9 Copyright © 2002 Pearson Education, Inc. Slide 9 Call-By-Reference Parameters Used to provide access to callers actual argument Callers data can be modified by called function! Typically used for input function To retrieve data for caller Data is then given to caller Specified by ampersand, &, after type in formal parameter list

10 Copyright © 2002 Pearson Education, Inc. Slide 10 Call-By-Reference Example Display 4.2, page 138

11 Copyright © 2002 Pearson Education, Inc. Slide 11 Call-By-Reference Example Contd Display 4.2, page 138

12 Copyright © 2002 Pearson Education, Inc. Slide 12 Call-By-Reference Details Whats really passed in? A reference back to callers actual argument! Refers to memory location of actual argument Called address, which is a unique number referring to distinct place in memory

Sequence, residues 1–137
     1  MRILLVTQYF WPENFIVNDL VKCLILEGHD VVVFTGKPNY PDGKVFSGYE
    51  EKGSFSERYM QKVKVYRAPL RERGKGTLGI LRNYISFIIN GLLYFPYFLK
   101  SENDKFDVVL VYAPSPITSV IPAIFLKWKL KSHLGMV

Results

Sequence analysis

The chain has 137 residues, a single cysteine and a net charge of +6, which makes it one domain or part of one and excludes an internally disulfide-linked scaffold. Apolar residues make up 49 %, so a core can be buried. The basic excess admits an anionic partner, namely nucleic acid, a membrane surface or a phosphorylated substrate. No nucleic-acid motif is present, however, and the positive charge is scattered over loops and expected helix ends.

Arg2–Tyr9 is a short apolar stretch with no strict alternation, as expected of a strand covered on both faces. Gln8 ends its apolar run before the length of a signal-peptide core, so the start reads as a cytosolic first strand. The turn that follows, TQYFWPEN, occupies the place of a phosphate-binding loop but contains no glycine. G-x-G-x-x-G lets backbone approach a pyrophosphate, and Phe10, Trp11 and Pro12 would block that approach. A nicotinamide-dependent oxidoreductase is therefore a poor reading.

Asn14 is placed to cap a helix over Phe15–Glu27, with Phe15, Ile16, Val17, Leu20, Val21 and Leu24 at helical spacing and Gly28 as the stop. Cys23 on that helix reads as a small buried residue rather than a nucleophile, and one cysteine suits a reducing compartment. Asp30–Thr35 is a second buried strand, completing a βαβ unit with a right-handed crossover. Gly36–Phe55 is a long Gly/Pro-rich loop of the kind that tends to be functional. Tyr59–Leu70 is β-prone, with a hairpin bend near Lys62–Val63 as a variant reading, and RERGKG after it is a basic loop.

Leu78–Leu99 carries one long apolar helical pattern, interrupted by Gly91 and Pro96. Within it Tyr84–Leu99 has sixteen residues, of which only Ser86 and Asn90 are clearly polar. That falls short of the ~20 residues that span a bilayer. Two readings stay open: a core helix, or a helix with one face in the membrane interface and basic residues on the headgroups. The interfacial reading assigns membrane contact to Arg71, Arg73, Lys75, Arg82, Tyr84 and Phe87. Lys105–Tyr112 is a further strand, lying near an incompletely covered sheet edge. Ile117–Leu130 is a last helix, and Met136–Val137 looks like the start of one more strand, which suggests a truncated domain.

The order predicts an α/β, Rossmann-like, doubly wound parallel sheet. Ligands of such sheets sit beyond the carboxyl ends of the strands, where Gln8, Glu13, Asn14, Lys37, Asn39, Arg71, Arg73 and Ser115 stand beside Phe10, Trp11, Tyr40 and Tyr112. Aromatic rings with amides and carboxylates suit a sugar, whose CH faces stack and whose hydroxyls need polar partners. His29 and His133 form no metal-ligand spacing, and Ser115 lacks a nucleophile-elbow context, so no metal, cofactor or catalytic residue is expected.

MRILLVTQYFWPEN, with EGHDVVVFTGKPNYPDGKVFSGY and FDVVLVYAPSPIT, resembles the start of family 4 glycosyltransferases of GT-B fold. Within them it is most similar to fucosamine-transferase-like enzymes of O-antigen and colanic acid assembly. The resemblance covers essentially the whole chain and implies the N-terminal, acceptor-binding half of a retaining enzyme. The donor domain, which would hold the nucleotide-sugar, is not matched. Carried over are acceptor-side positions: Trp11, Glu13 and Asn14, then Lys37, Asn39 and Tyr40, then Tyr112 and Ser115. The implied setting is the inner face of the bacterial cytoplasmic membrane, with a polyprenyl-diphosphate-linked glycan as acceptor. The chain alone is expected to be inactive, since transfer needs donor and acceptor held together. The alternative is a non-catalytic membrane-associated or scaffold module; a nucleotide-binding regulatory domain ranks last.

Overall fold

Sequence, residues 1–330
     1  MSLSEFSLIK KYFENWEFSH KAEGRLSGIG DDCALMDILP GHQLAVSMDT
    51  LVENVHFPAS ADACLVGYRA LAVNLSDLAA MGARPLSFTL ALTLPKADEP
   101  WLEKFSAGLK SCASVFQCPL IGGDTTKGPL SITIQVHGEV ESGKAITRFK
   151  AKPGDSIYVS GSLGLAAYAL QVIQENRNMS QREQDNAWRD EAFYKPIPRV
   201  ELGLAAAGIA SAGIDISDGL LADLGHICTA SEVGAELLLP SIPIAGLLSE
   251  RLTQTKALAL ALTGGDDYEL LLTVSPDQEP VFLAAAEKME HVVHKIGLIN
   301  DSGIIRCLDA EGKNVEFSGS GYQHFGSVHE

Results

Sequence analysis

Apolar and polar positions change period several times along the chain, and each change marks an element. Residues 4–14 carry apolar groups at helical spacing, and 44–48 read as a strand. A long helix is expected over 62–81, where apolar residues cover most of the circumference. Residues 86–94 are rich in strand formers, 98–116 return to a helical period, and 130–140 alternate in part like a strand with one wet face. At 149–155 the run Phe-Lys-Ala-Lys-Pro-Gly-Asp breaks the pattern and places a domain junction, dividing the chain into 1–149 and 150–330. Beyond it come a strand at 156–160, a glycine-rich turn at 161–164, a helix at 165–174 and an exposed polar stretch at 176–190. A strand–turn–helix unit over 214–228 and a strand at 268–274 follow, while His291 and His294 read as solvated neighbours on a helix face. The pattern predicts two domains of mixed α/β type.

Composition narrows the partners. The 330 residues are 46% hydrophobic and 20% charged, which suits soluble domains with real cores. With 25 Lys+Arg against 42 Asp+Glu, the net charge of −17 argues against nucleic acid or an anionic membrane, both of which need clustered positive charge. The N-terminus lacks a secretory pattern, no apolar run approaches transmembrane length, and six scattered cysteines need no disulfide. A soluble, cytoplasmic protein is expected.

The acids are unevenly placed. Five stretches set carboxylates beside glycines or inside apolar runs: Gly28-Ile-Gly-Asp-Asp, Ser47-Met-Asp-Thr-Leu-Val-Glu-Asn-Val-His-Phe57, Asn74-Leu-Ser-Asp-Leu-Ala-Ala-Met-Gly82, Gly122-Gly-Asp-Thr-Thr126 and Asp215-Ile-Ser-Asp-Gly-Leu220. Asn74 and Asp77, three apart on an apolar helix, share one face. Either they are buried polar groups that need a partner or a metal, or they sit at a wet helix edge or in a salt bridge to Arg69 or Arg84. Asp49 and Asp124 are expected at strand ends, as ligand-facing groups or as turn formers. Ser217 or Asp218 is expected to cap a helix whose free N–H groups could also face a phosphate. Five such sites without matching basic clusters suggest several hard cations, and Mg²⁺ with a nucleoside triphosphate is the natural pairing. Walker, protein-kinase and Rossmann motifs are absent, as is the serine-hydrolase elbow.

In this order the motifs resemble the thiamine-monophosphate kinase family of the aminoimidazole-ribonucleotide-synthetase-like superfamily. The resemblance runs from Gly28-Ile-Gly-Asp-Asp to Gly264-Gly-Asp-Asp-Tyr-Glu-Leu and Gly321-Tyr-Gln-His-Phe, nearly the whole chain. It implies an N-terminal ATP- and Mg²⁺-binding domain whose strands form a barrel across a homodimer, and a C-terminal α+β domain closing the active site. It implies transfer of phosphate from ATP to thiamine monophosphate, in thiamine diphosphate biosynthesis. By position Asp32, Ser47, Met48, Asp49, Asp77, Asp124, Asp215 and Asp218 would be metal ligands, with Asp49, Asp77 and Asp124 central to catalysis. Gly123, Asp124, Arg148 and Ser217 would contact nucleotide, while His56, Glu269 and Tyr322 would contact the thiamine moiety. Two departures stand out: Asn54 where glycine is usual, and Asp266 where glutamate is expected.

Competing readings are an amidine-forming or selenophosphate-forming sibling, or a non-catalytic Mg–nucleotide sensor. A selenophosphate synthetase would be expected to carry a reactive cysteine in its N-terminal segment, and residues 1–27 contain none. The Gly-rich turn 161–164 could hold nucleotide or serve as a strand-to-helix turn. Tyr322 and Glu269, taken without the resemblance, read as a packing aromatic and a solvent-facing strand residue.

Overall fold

13 Copyright © 2002 Pearson Education, Inc. Slide 13 Constant Reference Parameters Reference arguments inherently dangerous Callers data can be changed Often this is desired, sometimes not To protect data, & still pass by reference: Use const keyword void sendConstRef(const int &par1, const int &par2); Makes arguments read-only by function No changes allowed inside function body

14 Copyright © 2002 Pearson Education, Inc. Slide 14 Parameters and Arguments Confusing terms, often used interchangeably True meanings: Formal parameters In function declaration and function definition Arguments Used to fill-in a formal parameter In function call (argument list) Call-by-value & Call-by-reference Simply the mechanism used in plug-in process